09th May 2013

Top Tips for Intel's Krzanich

Just a few weeks shy of the annual meeting, Intel has announced that current COO Brian Krzanich will replace Paul Otellini as chief executive on May 16th. The leadership shake-up comes at a crucial time, as the company’s profitability continues to drop in the wake of the mobile computing revolution, which it is lagging behind. Skeptics are questioning the shrewdness of the board’s decision however, feeling that an external appointee would have indicated a real and necessary commitment to big changes – which is what Intel desperately needs right now. Promoting the COO to CEO is not a bold move, but a move the struggling chipmaker has made a number of times previously, with varying degrees of success.

 Krzanich, 52, is an Intel veteran, having spent most of his working life with the company. He joined Intel in 1982 as an engineer and became COO in January 2012. As an internal appointee, Krzanich will face a unique set of challenges as he transitions into his new role. Below we outline our top tips for the internal appointee to get on track for a strong and successful first 100 days.

Let go of your previous role

The internal appointee is a known entity within a company with an established reputation and relationships – so it can be tempting to stay involved in the previous role, and within that comfort zone. But, your ability to function and lead effectively in your new role will be compromised if you are still involved in the old role. To ensure accelerated performance from day 1, you need to detach 100% from the old role and focus 100% on the new role.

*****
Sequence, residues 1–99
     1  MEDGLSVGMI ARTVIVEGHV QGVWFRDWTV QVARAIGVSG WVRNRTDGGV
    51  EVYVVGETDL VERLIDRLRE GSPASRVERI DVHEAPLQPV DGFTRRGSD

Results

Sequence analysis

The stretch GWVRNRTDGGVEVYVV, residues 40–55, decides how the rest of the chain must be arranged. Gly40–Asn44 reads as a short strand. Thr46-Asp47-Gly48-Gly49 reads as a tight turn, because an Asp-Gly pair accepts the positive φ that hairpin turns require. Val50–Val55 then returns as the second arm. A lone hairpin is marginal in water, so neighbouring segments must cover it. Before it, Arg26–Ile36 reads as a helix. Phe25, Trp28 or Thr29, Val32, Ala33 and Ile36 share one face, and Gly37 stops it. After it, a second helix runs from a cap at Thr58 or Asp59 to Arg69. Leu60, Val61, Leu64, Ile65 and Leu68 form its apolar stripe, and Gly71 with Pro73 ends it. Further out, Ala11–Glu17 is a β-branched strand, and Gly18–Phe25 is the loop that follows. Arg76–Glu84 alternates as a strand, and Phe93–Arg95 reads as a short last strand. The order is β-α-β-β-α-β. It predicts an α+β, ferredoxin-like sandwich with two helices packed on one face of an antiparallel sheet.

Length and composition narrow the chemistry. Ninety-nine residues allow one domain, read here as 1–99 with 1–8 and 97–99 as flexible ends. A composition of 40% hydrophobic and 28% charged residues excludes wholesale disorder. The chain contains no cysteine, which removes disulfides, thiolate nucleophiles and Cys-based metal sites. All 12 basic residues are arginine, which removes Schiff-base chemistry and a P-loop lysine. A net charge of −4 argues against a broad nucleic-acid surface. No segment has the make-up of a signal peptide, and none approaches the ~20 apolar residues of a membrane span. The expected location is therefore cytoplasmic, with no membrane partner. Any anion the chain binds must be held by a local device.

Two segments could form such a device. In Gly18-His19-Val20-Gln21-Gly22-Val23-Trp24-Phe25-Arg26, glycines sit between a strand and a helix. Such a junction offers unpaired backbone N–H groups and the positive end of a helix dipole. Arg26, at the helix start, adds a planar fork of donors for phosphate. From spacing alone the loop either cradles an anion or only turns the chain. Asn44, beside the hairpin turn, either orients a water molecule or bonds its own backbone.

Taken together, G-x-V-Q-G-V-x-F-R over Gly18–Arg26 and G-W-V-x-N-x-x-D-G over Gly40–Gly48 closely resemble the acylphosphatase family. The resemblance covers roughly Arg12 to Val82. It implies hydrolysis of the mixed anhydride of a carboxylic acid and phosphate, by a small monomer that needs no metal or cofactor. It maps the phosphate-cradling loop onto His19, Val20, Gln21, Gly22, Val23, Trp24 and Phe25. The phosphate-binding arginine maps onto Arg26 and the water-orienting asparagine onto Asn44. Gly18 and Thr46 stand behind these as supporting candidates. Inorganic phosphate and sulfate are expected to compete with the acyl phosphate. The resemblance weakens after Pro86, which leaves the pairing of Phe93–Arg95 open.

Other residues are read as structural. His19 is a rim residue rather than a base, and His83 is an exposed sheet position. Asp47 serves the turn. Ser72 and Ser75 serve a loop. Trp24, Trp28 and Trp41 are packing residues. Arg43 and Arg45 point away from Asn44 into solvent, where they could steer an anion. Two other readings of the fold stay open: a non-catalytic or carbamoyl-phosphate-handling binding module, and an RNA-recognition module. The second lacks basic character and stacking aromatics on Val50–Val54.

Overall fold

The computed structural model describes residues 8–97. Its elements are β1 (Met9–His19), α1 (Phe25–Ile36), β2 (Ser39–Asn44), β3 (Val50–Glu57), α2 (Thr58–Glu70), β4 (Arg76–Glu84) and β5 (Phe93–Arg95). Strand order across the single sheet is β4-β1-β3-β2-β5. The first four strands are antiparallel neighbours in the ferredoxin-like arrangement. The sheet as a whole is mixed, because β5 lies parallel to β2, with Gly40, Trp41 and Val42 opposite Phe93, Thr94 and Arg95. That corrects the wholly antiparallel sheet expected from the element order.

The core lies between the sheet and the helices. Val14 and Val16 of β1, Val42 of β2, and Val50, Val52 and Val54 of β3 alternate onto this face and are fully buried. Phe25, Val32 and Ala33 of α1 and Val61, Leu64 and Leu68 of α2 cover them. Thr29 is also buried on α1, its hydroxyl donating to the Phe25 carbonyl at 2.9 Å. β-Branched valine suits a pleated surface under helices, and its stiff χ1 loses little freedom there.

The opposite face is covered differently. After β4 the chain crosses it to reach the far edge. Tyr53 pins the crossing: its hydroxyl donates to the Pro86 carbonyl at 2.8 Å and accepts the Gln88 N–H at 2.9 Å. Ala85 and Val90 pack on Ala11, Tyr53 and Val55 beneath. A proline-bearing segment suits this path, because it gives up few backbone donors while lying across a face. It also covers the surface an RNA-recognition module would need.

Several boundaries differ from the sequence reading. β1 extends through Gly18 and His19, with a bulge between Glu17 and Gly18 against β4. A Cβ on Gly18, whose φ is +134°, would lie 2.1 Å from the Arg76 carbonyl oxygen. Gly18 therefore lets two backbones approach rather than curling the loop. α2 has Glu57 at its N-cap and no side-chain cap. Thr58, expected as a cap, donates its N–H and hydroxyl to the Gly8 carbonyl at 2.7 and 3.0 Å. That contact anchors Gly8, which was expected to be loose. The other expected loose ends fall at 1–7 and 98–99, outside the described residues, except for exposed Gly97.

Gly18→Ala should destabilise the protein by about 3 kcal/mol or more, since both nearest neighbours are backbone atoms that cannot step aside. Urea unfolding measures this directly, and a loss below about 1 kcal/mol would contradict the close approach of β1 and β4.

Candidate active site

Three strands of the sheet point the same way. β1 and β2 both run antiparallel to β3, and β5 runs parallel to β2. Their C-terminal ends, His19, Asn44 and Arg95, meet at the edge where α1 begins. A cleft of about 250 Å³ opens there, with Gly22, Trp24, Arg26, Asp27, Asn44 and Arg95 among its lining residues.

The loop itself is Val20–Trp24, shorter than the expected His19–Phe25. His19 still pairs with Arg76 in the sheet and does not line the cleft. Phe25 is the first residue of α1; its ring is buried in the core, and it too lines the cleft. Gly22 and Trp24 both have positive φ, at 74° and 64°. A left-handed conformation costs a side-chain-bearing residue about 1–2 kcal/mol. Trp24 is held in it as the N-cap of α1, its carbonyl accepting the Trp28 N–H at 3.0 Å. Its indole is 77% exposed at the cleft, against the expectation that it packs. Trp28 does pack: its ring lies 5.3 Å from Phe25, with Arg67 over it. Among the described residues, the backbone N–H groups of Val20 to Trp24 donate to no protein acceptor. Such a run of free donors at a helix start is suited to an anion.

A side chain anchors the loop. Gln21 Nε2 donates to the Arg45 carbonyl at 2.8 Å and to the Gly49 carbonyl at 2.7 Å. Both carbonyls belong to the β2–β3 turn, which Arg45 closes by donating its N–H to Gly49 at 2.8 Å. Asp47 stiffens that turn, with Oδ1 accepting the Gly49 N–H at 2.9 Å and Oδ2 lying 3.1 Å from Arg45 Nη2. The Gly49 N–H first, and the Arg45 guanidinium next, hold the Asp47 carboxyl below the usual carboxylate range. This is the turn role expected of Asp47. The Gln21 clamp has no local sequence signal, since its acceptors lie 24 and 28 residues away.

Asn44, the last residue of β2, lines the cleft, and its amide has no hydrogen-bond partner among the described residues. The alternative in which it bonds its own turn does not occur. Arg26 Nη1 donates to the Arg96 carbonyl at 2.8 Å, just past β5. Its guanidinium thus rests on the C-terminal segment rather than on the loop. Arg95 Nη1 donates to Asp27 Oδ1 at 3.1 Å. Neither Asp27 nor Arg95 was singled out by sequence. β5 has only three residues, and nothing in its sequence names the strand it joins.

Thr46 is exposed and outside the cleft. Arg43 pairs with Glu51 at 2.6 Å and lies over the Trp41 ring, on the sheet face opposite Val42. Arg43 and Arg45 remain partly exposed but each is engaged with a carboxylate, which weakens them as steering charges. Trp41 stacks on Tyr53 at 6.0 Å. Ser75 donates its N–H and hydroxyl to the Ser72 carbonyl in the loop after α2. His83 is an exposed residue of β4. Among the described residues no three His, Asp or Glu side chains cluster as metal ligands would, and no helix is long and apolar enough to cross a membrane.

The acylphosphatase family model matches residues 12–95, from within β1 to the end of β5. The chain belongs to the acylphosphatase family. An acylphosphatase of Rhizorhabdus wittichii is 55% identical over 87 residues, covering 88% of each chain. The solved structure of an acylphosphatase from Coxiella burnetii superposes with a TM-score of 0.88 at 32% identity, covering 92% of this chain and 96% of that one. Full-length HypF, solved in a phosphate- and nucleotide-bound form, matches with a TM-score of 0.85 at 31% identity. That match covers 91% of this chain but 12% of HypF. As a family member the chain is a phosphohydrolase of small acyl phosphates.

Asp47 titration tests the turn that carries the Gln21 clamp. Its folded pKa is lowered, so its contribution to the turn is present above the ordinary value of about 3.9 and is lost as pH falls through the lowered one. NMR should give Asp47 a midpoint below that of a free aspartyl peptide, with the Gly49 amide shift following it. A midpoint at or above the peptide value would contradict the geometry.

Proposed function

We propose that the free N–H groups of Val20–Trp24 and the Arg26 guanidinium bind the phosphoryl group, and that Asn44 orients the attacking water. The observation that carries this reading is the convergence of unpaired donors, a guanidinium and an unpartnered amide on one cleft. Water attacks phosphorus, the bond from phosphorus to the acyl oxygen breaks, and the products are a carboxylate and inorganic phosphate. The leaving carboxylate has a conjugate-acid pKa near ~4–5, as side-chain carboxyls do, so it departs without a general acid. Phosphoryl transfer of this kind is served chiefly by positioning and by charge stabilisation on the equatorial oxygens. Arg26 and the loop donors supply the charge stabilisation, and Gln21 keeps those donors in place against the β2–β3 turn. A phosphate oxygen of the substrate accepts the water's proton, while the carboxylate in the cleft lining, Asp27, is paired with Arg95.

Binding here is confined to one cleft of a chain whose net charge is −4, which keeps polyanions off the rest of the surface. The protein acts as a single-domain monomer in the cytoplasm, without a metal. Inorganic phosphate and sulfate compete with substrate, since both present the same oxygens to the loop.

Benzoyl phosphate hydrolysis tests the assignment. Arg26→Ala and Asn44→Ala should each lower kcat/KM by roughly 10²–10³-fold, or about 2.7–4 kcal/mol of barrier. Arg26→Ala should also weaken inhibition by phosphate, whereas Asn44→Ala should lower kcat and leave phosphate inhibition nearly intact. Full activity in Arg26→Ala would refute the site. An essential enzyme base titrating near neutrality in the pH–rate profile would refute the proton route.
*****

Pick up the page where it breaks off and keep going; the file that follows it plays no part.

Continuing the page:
Use your emotional intelligence

The internal appointee needs to be particularly adept at handling potentially contentious emotional issues. You may have colleagues who applied unsuccessfully for your role, and you may end up managing people who were previously your peers - this can lead to resentment and resistance. Patience, resilience and a clear vision will help you meet these challenges.

Deal effectively with your predecessor

The legacy of a role predecessor can stretch far and long. This can prove to be a considerable obstacle to the new leader’s mandate for change. Your team may feel an allegiance to your predecessor and a resistance to you, or suggested changes may be perceived as criticism of your predecessor. To avoid this, you should contract upfront with the board that you will be allowed the space and freedom to implement change. Then you need to draw up a detailed first 100 days plan which lays out a clear route for success.

As Intel continues to lose market share all eyes will be on Krzanich as he tries to steer the beleaguered chipmaker back to profitability. It won’t be easy, but if Krzanich addresses the above key issues he should be on track for a successful first 100 days, despite the challenges inherent to being an internal appointee.



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